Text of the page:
This is a product that takes itself very seriously. It comes with a CD with videos that explain what it is all about and show you how to use it. There is also a website with an impressive amount of information. The bit that interested me most was the clinical data. This has been done by a very respected testing house. Unfortunately I didn’t get a free sample – I had to pay the full £50 ($90), so this is a premium product and we are entitled to hold it to high standards.
The product is aimed squarely at wrinkles. 0n the box the jar I have came in one side was given over to a named 43 year old woman, called Lisa Porter, with before and after photography.
So what is the story? Apparently it is a special blend of Greek essential oils. I am not sure what is special about Greek essential oils compared to other country’s oils. Lets assume it is simply patriotism on their part and decide to find it charming. Essential oils can be biologically active so there might be something interesting going on here. I have never come across any evidence that they reduce wrinkles though – but l suppose it is possible and someone has to be the first to observe it.
Turning to the product itself – my first reaction was to sniff it to see how all those lovely Greek essential oils smell. I have to say I could hardly smell anything at all. What I did notice straight away is that this is no ordinary product. I had been expecting a cream. What I got was a silica gel.
This probably needs a bit of an explanation as it is quite unusual for a cosmetic. It is possible to make a kind of gel using fumed silica. This is a bit like very very fine glass. l had never thought of using this kind of gel on the skin before – but it seems to work well enough. But I wonder if it might have been better with a traditional cream base.
I tried it for the prescribed 7 minutes. It did seem to have a bit of an effect but I only have very slight wrinkles so this may not mean very much.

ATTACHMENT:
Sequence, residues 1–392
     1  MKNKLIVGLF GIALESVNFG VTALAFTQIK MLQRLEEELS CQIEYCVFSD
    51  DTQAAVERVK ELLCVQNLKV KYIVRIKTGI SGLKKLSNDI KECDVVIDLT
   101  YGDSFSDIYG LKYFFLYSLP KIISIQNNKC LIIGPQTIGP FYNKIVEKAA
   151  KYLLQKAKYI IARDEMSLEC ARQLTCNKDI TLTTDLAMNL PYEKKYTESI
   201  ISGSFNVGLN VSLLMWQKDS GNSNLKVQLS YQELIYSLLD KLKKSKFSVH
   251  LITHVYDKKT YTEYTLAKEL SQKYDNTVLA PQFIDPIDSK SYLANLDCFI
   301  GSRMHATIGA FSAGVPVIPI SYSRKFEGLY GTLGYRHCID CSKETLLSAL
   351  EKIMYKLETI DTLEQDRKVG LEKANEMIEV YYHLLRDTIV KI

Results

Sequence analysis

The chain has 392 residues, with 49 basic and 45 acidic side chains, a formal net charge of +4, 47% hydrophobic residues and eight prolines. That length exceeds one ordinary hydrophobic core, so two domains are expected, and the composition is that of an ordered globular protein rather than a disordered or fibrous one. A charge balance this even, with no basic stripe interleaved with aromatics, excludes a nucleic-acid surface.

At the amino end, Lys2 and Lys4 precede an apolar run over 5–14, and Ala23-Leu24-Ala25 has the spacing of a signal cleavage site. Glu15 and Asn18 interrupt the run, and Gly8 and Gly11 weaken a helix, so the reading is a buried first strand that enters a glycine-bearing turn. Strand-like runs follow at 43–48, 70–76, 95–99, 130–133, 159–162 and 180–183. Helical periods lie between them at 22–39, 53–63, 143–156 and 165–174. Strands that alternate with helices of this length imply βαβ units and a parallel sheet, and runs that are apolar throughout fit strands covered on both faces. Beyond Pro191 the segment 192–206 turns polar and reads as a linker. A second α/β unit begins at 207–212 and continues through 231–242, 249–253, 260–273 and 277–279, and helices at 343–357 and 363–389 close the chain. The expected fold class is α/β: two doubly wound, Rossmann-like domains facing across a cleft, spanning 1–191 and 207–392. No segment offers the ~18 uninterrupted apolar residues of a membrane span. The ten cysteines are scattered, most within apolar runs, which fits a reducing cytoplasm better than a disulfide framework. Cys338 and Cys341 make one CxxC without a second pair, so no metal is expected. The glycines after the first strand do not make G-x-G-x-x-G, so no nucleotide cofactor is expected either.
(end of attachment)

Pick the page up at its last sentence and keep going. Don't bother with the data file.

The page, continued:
Turning to the ingredient list the thing that leaps out to me is the acetyl hexapeptide. Using peptides has become common lately. I talk about them on my guide to effective anti-wrinkle products. There does seem to be some evidence that this type of product can have some effect on wrinkles. They have done a proper study to show its benefits. This was done on their behalf by a respectable clinical trial company. I can’t do much better than to repeat their summary: “the product in seven minutes significantly reduced the appearance of fine lines and facial wrinkles an average of 83.72% on a full face evaluation. Maximum reductions of 90% were observed.”-AMA Laboratories. I know that there is a lot of cynicism out there about trials of this nature, and although it might be presented as favourably as possible there will be some effect that is being reported here.
All in all this product ticks all the boxes and is a very respectable offering. But there is something about it that leaves me a bit cold. I don’t like the essential oil story – it is so obviously bogus. I should applaud the use of an original base, but it just annoys me. I don’t know how successful it has been but I don’t think it has built up any buzz around itself. I had a job even getting around to writing this review. The jar has been on my desk for months.
I think the problem is simply that the product lacks personality. It is just boring.
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